iPhone, 7 percent an Android smart phone, and 4 percent some other kind of smart phone.

METHODOLOGY

The “Net10 Prepaid Wireless Consumer Trends National Poll” was conducted for the New Millennium

Research Council by Infogroup/ORC October 7-10, 2010 among a sample of 1,008 adults comprising

500 men and 508 women 18 years of age and older living in the Continental U.S. Respondents were

screened for ownership of a working cell phone. All questions are based at least on this smaller

subsample of 715 respondents with a working cell phone. Completed interviews were weighted by four

variables: age, gender, region and race to ensure reliable and accurate representation of the total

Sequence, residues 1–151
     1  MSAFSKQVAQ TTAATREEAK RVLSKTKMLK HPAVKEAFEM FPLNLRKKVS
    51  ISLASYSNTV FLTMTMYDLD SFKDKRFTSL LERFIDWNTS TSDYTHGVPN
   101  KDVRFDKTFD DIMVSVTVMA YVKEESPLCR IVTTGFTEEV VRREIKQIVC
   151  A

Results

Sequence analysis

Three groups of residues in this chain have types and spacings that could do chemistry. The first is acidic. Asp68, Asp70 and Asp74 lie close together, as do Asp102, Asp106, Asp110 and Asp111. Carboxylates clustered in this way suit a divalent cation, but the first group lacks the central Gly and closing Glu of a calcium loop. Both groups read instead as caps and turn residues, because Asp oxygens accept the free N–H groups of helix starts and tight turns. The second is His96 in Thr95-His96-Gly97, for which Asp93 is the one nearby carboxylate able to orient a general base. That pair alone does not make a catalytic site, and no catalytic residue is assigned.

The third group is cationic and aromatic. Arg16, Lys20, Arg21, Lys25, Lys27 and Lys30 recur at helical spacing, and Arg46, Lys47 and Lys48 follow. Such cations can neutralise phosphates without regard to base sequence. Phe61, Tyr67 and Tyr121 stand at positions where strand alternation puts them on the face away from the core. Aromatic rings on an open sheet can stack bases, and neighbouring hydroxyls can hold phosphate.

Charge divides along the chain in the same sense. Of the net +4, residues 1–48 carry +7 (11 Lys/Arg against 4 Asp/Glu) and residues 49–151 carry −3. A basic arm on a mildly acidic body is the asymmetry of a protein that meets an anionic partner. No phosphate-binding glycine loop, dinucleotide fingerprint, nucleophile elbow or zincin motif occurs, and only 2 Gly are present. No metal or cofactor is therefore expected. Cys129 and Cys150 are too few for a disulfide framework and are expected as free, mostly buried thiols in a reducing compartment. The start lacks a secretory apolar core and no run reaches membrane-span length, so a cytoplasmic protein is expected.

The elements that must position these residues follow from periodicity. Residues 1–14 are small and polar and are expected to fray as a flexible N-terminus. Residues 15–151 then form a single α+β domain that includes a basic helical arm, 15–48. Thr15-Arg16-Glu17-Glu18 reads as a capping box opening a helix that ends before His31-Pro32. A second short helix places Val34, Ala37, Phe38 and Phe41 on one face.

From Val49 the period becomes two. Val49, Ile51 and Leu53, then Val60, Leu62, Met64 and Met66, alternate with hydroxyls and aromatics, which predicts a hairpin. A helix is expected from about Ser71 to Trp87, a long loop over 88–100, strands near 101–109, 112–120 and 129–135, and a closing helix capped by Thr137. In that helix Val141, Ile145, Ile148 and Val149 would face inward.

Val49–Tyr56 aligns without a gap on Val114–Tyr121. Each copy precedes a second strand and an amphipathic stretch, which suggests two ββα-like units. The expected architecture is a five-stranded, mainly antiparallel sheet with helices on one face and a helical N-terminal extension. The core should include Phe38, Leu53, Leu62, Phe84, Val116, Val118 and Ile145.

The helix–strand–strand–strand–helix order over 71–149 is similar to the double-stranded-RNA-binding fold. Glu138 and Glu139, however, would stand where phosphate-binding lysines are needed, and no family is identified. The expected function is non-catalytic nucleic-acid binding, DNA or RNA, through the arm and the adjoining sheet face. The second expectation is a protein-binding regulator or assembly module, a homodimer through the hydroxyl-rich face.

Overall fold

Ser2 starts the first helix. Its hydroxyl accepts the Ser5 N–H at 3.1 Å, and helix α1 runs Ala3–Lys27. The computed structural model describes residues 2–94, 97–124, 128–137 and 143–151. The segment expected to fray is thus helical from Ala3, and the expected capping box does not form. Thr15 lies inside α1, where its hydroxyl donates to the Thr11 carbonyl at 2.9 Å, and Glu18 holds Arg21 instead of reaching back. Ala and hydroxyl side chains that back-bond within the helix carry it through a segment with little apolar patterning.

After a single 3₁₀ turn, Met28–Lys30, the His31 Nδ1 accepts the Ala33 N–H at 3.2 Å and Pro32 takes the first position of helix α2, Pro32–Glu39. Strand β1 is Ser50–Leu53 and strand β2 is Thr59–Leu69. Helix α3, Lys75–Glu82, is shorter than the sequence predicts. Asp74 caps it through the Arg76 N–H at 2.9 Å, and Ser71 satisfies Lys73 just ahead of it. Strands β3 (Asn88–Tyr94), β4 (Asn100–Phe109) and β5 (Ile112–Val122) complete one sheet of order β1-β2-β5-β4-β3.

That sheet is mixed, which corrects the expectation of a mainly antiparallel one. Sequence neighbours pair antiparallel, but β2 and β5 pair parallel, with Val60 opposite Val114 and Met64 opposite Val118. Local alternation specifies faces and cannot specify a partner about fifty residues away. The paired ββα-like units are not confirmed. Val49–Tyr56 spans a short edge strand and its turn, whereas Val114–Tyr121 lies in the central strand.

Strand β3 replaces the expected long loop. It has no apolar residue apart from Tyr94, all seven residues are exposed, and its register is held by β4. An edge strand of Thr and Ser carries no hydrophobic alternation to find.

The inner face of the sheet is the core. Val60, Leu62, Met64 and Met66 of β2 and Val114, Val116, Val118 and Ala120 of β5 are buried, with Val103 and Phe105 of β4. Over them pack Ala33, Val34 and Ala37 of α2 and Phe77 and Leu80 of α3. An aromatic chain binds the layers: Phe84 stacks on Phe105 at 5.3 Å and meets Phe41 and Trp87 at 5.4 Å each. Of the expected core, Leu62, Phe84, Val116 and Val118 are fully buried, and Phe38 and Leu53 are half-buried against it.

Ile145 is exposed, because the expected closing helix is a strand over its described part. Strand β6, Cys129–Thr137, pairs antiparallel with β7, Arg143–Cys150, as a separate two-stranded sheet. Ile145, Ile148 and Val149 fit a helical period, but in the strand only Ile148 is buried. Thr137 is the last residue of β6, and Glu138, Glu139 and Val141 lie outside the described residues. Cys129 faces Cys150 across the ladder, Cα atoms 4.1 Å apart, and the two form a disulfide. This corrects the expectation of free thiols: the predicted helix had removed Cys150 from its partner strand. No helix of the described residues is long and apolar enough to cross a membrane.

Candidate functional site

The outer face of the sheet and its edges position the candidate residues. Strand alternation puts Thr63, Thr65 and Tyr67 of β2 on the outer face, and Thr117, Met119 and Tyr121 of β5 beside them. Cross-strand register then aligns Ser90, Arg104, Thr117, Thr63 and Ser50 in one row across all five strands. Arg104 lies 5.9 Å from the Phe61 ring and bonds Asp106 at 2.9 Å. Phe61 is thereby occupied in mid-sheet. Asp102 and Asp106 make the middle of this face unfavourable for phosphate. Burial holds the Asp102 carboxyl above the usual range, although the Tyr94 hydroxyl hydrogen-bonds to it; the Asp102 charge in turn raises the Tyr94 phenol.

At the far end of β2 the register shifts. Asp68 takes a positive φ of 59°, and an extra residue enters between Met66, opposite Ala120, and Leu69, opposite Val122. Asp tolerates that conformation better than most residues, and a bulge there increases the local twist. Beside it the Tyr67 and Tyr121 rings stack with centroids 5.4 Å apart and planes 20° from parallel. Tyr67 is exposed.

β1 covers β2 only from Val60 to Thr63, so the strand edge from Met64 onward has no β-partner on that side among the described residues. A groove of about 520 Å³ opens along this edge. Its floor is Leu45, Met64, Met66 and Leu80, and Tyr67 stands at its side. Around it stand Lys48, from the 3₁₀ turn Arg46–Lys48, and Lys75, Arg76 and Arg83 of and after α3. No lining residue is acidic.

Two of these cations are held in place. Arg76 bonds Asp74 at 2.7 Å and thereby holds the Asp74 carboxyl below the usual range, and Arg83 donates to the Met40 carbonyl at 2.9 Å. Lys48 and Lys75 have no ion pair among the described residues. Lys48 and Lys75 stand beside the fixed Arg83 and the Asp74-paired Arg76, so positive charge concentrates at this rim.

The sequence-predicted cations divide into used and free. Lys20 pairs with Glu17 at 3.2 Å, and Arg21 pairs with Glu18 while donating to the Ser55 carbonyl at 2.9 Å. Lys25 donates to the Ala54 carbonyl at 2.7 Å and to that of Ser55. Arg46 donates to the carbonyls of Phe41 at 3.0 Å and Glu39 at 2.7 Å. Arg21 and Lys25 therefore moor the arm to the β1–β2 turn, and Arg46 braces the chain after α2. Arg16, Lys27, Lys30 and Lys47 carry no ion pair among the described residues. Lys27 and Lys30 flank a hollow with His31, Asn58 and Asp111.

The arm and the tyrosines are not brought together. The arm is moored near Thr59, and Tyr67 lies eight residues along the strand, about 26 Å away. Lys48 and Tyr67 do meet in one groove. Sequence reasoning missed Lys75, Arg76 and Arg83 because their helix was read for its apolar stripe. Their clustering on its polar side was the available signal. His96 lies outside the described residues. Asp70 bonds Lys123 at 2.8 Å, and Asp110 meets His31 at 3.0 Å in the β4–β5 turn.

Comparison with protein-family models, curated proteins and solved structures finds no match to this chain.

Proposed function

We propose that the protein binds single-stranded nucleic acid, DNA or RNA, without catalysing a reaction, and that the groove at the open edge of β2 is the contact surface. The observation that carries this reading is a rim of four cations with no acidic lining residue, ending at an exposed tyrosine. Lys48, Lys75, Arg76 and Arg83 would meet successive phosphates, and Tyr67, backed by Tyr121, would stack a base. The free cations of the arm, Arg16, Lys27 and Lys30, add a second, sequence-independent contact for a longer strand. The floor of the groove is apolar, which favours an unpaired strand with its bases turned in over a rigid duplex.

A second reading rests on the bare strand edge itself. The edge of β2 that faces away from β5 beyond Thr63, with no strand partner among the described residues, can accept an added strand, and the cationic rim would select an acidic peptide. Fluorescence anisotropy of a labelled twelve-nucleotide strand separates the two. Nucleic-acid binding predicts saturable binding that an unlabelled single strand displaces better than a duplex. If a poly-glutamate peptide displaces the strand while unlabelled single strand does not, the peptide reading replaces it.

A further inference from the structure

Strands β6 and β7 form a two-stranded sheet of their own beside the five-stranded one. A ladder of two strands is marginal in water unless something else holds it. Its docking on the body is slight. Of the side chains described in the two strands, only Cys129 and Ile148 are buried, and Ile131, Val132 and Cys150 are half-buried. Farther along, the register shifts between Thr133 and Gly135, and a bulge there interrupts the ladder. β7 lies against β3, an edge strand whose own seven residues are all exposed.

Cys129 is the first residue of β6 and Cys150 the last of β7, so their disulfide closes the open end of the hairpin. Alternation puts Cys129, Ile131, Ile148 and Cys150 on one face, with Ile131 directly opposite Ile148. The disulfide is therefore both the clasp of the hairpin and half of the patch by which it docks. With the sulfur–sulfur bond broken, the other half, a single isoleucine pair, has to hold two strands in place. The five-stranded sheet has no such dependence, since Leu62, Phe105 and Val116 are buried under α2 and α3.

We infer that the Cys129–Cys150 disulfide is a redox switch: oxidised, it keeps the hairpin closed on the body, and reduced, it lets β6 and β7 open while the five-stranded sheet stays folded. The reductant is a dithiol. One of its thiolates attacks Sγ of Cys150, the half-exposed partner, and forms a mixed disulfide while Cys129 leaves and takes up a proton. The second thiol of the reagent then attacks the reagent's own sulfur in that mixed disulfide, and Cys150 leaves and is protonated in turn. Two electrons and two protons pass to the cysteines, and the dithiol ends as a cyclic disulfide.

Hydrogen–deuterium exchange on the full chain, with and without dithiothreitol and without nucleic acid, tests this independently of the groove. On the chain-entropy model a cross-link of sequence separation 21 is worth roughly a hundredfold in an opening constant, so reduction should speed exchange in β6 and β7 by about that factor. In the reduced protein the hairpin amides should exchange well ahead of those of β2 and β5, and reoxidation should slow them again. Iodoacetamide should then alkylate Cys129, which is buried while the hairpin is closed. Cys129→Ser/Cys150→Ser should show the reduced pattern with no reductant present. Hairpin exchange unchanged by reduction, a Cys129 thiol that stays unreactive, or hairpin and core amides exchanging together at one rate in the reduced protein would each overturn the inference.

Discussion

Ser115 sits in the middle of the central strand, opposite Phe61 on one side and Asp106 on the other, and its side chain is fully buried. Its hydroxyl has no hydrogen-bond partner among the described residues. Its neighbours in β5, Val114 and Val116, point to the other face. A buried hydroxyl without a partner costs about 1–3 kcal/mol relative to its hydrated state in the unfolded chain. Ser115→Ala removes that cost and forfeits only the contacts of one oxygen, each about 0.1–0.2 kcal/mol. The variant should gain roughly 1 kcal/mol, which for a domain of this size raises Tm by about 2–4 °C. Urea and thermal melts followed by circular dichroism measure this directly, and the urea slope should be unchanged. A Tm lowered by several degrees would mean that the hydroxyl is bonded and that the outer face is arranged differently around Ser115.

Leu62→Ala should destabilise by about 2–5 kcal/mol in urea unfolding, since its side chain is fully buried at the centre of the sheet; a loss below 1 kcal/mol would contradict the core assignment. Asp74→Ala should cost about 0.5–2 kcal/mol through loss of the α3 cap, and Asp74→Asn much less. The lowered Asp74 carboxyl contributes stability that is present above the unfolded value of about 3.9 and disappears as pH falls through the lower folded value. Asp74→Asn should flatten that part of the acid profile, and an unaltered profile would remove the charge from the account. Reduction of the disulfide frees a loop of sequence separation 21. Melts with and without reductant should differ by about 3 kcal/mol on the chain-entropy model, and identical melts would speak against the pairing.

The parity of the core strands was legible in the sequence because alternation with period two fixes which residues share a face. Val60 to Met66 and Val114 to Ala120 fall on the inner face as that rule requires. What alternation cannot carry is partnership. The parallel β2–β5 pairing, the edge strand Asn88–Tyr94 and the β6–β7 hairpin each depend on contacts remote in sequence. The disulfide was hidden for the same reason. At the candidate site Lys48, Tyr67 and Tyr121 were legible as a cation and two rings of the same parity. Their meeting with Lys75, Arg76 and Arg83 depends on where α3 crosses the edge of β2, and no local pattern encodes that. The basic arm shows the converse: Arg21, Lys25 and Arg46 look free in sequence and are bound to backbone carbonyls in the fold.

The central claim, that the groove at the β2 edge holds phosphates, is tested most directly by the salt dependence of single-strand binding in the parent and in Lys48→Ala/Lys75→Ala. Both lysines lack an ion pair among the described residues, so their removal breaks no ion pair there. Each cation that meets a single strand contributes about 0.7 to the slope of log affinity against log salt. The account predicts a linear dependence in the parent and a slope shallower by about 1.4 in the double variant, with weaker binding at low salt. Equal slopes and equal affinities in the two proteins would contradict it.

population, 18 years of age and older. The margin of error for results based on the total sample of cell

phone owners is plus or minus 4 percentage points.

ABOUT NMRC

Created in 1999, the New Millennium Research Council is a Washington, D.C. think tank. The work of

NMRC focuses primarily on the fields of telecommunications and technology. The contributors to NMRC

reports develop workable, real-world solutions to the issues and challenges confronting policymakers.

For more information, please visit http://www.thenmrc.org on the Web.

CONTACT: Patrick Mitchell, (703) 276-3266 or pmitchell@hastingsgroup.com.

EDITOR’S NOTE: A streaming audio recording of the news event will be available on the Web as of 6

p.m. EDT on November 4, 2010 at http://www.thenmrc.org.